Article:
Sunday, February 19, 2006

Design with Intent

To my mind, an odd thing seems to be re-appearing in the world of console gaming. Custom controllers and other game related peripherals. I'm not just talking about all the third party controllers, memory cards, and add-on doodads that make their appearance to lure your dollar away from the core manufacturer with minor hardware design differences. I'm talking full blown controller replacements like the Guitar Hero guitar.

This post is sort of a response to Chris Bateman's (Only a Game) second entry in February's Round Table. It's also the second idea I had for my own entry. The first one just barely made it. This one was less important (and less thought out) so it goes here. Basically, Chris talked about how a fishing rod controller for the Dreamcast made playing a fishing game not only fun, but more than just a solitary event.

For Hardware's Sake

The odd thing is that companies are still trying to design games and controllers in conjunction. Nintendo is probably the biggest proponent of the odd controller. Or at least they come to my mind first. Think back to the cool gear you could buy to extend the play experience of your Nintendo Entertainment System or SNES. I can think of two, off the top of my head. In fact, I can remember wanting both the NES Power Glove and the Super Scope 6. At the time my mind thought all about how freeing the alternate interface would be. Now, it just seems like a weird reason to build hardware.

You see, as far as I can tell, the reasoning for making the hardware in the first place was very “Field of Dreams”: build it and they will come. They being the game developers with ideas of how to use the alternate hardware for more immersive games. The problem is that this thinking is backwards. Sure, they were able to partner initially with a developer or two to produce games for the launch, but that was because they were able to bundle the games with the hardware, ensuring the sale. The Power Glove had a total of two games that were enabled to use it. The Super Scope did a bit better with a total of 12 (two came bundled with it on a single cartridge, another two used it as a bonus feature).

Some might claim that poor execution of design made the hardware difficult to use, but this is only part of the problem. It goes deeper, and has to do with the intent of the hardware. It was never designed for a specific game. It was designed to provide a certain kind of interaction. Hardware (or software) that does this is fundamentally limiting. It makes for games that fall into a particular genre, or style. It makes for un-inventive play. It also makes for a poor investment for game developers. Who wants to make a game that can only be played (or played to the fullest) on hardware that the user has to pay extra for. It makes your game cost that much more to the consumer. The initial games get bundled, but later titles either have to be re-bundled or released separate with the disclaimer that you have to go buy something else to make it work. No one wants to get a toy and find out that the screws that hold it together have to be bought separately at your local hardware store. So, hardware designed for the sake of hardware (with games in mind later) doesn't work.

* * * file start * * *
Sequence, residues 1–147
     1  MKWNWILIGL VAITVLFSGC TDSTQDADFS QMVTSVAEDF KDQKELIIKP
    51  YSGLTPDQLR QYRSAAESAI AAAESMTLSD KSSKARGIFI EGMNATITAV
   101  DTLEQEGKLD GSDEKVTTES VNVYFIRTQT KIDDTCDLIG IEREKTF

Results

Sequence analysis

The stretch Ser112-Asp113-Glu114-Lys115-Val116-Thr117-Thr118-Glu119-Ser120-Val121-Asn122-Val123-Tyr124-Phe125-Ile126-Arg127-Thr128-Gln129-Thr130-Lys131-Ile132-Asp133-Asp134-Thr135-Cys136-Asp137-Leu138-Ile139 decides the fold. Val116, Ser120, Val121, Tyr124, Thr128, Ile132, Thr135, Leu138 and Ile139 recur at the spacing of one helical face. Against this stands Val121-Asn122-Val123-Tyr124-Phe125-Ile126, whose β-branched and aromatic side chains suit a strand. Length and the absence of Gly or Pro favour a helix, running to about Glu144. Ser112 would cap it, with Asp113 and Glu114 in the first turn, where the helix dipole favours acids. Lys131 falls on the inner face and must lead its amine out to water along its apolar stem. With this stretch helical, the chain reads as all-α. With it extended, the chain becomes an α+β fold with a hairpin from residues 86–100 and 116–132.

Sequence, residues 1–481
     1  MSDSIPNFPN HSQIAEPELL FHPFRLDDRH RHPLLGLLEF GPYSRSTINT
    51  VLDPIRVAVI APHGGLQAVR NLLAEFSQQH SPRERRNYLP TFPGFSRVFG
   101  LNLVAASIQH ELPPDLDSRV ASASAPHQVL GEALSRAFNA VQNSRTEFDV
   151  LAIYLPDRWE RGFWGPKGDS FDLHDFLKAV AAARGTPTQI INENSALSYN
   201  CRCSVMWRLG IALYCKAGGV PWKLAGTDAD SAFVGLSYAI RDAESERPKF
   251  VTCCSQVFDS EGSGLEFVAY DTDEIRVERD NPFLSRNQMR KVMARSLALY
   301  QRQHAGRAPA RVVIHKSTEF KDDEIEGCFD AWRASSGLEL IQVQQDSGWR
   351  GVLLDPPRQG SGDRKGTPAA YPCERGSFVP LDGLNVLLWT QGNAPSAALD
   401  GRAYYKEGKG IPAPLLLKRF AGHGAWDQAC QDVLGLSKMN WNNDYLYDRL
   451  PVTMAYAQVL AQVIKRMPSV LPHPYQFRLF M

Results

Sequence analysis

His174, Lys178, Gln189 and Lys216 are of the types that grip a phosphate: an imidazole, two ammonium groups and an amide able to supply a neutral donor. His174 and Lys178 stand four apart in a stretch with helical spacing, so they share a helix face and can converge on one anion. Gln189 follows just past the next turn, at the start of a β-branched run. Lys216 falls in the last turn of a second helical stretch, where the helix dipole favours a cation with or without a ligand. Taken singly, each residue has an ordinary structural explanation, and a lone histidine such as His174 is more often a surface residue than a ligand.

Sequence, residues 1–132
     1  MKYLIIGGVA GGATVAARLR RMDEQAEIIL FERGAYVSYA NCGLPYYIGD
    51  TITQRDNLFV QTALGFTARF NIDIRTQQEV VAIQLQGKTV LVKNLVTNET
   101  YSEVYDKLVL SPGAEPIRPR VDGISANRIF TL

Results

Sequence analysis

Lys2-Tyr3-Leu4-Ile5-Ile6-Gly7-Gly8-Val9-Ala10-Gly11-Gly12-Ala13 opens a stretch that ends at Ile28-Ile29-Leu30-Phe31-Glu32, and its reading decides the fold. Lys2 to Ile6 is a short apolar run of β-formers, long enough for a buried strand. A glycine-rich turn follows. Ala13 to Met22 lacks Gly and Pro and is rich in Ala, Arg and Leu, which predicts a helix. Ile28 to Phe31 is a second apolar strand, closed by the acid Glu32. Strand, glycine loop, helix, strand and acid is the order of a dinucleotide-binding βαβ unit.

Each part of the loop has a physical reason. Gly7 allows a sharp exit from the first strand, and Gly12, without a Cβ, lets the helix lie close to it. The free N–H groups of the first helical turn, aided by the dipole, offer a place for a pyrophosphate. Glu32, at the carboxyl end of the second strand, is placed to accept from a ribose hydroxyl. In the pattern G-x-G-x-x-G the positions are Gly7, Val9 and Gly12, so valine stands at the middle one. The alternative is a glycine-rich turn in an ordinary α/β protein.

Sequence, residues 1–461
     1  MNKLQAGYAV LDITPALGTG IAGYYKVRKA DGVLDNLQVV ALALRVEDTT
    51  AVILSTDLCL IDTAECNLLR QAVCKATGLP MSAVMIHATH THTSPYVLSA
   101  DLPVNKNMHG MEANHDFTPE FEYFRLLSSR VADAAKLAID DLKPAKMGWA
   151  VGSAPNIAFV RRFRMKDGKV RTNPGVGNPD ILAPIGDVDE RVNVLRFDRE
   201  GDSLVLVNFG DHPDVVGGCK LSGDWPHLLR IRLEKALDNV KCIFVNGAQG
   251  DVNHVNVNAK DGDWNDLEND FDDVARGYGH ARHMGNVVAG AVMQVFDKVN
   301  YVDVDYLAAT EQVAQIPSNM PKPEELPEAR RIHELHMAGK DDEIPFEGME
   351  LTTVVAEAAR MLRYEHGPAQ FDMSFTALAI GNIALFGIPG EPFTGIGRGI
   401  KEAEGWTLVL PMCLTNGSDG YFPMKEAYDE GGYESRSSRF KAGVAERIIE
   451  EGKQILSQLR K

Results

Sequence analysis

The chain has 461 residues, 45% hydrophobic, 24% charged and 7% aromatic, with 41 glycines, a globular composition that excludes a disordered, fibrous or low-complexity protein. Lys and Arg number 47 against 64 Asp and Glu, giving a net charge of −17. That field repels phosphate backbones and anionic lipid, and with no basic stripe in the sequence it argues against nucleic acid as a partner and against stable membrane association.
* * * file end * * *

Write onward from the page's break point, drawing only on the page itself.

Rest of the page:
Well, there is one notable exception. The Nintendo DS. But this is a very odd case because Nintendo has done two main things. Firstly, they have provided a standard interface, so if you want to design a game and ignore the weird touchy-feely screen in the center, you can. The second is that the odd hardware is part of the underlying platform. There are no extra bits needed. So designing for it is a free option. If you look at the early lineup of games, few truly caught onto using the touchpad to its full usefulness. Only after a few games showed what it could do, and how it could be different, did designers catch on and begin experimenting with play. And some of them still get it wrong, but at no more cost than not using it. There is no loss because the price to play is the same.

Rock Out With My Guitar

So what about hardware designed with a specific game in mind? This would be the Guitar Hero example, or the Dreamcast Fishing Rod example. Actually, this is the arcade argument. Because arcade game designers have been doing this since forever. It's actually where a lot of the in-house console controllers hail from. Let's look a bit into the history of Arcade Cabinets.

The first arcade game, Computer Space, used buttons as an interface. Pong used dials, because everything was hardware anyway, so the interface might as well be intuitive; you have to build everything anyway. We begin to see joysticks appear, followed by the trackball (in 1978). By now, the idea that you design your interface hardware to match your game became well accepted. Sure, most arcade games fall back on the staple joystick and panel of buttons, but this was because conventions allow for interchangeability and mass distribution. More creative titles always found a way to make the interaction with the user interesting.

This progressed through Light Guns (which spawned their own branch of games), steering wheels (for all that virtual racing) and even more. In recent years you would be hard pressed to walk past an arcade that did not have at least one Dance Dance Revolution machine. And for those arcades that are into the cool stuff from Japan (world leader of the odd arcade game) you'd probably also find drum machines and guitar games. There are so many more, but there isn't enough room here, and I need to get back to my point.

Hardware that is designed for a specific game is designed specifically to enhance the play of that game. Again, this is me being obvious (at this I am a master). Play of a title is so much better when you can interact with it in a way that is intuitive of the actions you are performing in the world. If you can also receive physical feedback, then you can gain a new level of control over your input. Arcade games have been using this to suck people in and keep them pumping in quarters for a couple of generations already. Make the game more interesting you can get better replay. It also just makes it more fun to play, especially in a social setting.

So why are we seeing this show up in the world of console games? There are a few reasons, but most are pretty easy to see. People have more free income to spare. Dropping $30-40 extra to get a cool piece of hardware is nothing these days. Plus, people are playing more games in a social context in their own homes. The experiences that they used to get from going to the arcade are being replaced by smaller, closer knit groups playing in someone's living room. If the neat hardware can come home, then the game is more fun to watch and play with everyone. You can get granny pulling power cords and rocking out, something you'd never see at your local game hangout.